Prime Minister Tony Blair says the next few days are critical to see if
Britain and Iran can diplomatically resolve their dispute over 15 British
sailors and marines, seized by Iranian forces nearly two weeks ago. At the
same time, an Iranian diplomat held hostage in Iraq is freed and Iran is
reported seeking the release of five of its citizens detained by American
forces in Iraq in January. VOA's Sonja Pace has the story from
Speaking to a local radio station in Scotland, Prime Minister Tony
Blair said he welcomed indications that Tehran is ready to end the
standoff over the detained naval
"I think the next 48 hours will be fairly critical. I mean, I have read
the transcripts of the interviews that Mr. Larijani gave and that seems to
offer some prospect, but you know we need to hear from them [The Iranians]
direct," said Mr. Blair.
On Monday, senior Iranian official, Ali Larijani told Britain's Channel
4 news that the issue could be resolved through diplomatic means and that
he saw no need to put the sailors on trial, as he had previously
indicated. He spoke through a translator.
"Definitely, our priority would not be a trial, except that [if] the
U.K. government would insist on not solving the problem through diplomatic
channels. Our priority is to solve the problem through diplomatic
channels," he said.
Speaking to reporters Tuesday, Mr. Blair said two possible tracks
remain to resolve the issue.
"To try and settle this by way of peaceful and calm negotiation to get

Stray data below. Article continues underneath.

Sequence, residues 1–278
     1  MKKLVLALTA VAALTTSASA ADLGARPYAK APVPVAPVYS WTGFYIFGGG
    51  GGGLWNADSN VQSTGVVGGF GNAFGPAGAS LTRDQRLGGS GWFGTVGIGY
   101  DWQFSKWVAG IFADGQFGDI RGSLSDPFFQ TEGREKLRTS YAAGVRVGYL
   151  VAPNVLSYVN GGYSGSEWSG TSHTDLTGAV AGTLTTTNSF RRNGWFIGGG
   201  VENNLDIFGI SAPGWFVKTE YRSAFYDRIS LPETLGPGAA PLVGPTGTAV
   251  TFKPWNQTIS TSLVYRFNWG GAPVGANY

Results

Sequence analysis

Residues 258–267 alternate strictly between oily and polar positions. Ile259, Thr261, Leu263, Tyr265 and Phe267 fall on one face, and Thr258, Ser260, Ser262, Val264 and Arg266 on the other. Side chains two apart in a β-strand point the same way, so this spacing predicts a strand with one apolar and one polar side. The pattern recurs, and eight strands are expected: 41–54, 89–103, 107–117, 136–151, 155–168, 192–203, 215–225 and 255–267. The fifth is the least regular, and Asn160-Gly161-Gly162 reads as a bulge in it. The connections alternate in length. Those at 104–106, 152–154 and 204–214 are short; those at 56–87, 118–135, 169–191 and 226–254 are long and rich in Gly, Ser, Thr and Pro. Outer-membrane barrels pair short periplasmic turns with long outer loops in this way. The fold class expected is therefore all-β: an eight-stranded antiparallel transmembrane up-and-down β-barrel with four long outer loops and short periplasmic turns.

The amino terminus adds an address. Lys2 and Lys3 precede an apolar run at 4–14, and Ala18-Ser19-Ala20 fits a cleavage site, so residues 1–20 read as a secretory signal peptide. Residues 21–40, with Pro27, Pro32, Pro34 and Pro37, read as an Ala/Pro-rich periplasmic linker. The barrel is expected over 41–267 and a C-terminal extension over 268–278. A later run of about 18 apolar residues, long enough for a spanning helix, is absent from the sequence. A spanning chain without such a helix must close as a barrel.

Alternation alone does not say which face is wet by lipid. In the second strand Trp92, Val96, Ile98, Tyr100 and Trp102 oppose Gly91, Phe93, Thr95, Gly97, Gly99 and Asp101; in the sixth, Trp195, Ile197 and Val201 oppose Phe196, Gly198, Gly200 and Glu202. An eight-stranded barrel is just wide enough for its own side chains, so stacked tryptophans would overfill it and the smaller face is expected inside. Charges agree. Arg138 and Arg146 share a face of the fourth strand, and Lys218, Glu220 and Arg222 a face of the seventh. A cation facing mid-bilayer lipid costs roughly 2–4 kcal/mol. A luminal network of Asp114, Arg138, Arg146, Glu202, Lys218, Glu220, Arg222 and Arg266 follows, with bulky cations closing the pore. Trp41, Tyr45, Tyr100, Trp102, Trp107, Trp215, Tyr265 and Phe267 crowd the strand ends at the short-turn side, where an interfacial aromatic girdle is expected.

out people back as quickly as possible, the other is to make it clear that
if that is not possible then we have to take an increasingly tough
position," he explained.
Mr. Blair said the choice was up to the Iranian government.
the center of the crisis is exactly where the British sailors were when
they were seized at the mouth of the Shatt al Arab waterway on March 23.
Britain insists they were in Iraqi territorial waters, conducting a
routine U.N.-sanctioned, anti-smuggling search operation. Iran insists the
boats had strayed into Iranian waters.
Iran initially demanded a British apology for straying into its waters,
but Larijani stopped short of such demands on Monday and indicated it
might suffice for Britain to "guarantee" that such a violation not be
Iranian President Mahmoud Ahmadinejad was scheduled to hold a news
conference in Tehran on Tuesday, where he was expected to talk about the
detention of the British naval crew. The news conference was postponed,
possibly until Wednesday.
Meanwhile, Tehran has confirmed that Iranian diplomat Jalal Sharafi
returned home from Iraq, after being released by his Iraqi captors.
Sharafi was seized by armed men in Iraqi uniforms in the Karradah district
of Baghdad February 4.
Iran insisted he was held by an Iraqi military unit commanded by the
Americans. The United States denied any role in the diplomat's kidnapping.
At the same time, an Iranian Foreign Ministry official is quoted as
saying Tehran is "intensively" seeking the release of five Iranians who
were detained by American forces in northern Iraq earlier this year.
The U.S. military said it seized the men because they were suspected of
providing money and weapons to Iraqi militants. Officials said at least
one of the men was a senior officer in the elite Iranian Revolutionary
Speaking at a news conference in Washington, President Bush said he
supported British efforts to secure the release of the British captives
held in Iran, but there would be no "quid pro quos when it comes to